David Bourget (Western Ontario)
David Chalmers (ANU, NYU)
Rafael De Clercq
Jack Alan Reynolds
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In The Proceedings of the Twentieth World Congress of Philosophy, Volume 2: Metaphysics. Philosophy Documentation Center. 99-104 (1999)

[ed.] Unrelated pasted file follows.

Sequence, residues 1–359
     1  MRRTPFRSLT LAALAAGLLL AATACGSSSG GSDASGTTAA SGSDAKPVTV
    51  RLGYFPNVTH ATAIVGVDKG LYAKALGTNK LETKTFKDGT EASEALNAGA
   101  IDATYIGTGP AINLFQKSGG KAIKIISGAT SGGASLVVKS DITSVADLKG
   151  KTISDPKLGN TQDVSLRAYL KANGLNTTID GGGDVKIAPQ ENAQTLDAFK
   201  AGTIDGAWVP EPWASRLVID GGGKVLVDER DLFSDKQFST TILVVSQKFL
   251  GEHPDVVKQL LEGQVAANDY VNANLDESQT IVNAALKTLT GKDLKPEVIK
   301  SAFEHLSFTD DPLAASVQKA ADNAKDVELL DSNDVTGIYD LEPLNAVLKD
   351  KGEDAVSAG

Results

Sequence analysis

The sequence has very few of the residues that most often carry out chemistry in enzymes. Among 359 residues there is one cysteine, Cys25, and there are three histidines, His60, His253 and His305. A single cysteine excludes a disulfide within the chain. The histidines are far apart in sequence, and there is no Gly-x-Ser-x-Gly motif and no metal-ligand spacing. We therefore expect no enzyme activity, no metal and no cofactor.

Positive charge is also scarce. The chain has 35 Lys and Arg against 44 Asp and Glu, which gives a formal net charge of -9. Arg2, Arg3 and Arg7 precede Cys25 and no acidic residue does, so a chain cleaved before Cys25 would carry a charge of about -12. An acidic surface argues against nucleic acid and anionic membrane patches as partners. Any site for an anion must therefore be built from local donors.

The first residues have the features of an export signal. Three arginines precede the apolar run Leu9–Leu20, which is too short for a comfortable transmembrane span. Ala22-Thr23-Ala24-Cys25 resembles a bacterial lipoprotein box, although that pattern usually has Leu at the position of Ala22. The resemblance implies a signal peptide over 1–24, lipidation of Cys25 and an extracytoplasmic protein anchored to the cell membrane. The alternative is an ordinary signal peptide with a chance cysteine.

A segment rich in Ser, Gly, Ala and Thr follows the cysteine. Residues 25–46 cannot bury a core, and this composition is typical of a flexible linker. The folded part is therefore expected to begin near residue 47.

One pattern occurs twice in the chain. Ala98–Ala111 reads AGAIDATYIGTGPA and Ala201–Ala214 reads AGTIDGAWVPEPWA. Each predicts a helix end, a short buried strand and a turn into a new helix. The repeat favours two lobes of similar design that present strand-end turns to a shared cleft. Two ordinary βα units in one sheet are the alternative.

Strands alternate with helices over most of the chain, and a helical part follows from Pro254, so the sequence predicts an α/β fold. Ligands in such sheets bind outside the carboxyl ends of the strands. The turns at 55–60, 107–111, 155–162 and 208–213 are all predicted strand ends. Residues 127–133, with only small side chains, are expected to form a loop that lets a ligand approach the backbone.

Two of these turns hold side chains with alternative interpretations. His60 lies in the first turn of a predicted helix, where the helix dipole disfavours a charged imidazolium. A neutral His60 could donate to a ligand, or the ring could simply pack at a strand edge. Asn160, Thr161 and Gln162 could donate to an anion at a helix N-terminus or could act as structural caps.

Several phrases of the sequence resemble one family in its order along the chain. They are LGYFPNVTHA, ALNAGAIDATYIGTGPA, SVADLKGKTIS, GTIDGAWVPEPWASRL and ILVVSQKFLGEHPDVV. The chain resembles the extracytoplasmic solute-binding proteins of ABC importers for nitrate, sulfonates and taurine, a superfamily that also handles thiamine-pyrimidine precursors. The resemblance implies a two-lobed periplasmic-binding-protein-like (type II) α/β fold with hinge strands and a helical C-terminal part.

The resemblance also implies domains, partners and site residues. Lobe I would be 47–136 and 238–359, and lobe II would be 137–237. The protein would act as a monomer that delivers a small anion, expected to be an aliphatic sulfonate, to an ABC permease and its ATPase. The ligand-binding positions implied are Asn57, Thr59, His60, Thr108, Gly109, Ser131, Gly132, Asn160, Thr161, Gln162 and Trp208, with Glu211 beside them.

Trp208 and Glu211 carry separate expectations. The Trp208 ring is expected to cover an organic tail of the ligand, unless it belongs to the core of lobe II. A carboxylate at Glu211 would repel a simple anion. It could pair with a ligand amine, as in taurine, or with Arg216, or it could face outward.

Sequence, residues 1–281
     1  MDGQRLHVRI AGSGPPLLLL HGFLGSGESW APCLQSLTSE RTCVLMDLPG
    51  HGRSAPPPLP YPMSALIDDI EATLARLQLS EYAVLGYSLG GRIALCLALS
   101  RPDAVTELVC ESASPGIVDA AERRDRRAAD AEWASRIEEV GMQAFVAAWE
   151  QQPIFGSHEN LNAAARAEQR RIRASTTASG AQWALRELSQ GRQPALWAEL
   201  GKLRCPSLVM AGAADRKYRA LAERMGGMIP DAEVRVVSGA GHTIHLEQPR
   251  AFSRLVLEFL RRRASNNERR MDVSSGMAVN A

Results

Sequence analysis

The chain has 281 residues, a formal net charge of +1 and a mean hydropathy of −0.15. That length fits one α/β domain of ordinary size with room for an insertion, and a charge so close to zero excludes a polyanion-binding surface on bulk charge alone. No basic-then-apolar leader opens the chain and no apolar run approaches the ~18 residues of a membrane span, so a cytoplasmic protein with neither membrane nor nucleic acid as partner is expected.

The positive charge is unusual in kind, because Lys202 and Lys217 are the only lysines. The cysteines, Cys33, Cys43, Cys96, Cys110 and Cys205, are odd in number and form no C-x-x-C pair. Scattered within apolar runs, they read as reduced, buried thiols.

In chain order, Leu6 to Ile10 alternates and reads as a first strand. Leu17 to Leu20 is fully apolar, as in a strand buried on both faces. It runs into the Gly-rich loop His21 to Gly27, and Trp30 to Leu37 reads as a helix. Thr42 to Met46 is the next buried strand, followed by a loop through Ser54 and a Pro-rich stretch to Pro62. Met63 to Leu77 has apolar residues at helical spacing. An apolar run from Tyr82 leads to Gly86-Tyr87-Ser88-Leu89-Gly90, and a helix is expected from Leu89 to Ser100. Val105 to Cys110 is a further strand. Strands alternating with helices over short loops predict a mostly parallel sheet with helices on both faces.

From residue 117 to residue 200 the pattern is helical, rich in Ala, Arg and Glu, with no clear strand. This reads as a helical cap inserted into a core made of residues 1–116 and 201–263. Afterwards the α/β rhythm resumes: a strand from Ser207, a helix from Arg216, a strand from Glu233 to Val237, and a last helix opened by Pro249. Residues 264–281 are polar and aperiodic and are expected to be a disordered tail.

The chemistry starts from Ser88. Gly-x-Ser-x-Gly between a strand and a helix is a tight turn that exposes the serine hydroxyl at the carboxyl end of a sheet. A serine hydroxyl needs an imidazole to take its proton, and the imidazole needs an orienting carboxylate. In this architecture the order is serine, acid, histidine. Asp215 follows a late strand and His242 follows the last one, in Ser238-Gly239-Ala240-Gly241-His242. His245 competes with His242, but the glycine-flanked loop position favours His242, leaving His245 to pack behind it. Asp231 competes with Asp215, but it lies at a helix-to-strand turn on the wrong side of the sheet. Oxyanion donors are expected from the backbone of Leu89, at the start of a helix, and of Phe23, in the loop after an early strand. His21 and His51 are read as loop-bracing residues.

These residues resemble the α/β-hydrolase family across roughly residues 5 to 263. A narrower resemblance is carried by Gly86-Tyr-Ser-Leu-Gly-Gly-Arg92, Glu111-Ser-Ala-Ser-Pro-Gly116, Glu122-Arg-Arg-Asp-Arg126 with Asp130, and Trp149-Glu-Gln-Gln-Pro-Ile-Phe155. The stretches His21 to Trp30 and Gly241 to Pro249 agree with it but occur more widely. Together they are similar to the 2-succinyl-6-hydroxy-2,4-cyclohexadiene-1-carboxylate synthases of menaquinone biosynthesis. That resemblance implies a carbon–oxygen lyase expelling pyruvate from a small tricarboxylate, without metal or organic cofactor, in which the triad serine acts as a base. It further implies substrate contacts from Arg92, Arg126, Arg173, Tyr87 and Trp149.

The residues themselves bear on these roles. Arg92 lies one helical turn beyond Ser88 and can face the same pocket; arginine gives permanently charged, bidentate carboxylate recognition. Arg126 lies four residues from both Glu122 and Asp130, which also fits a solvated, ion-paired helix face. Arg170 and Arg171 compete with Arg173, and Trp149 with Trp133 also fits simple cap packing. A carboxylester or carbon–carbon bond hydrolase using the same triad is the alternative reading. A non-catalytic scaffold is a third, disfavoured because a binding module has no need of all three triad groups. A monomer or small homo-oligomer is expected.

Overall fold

In what follows, I argue that the disturbing effect of the explanatory gap arises from an illusion, an implicit expectation that all “direct grasps of the essence” of a property are achieved by a homogeneous concept-forming faculty. But there is no such faculty. The truth is that our concepts form a mixed bag, drawing on experiential states, verbal conceptions, theoretical conceptual roles, and other concept-making factors. It should not be too surprising then if some pairs of concepts, even when they directly capture the same essence, are not conceptually convertible. That would place conceptual—psychological—limits on explanation
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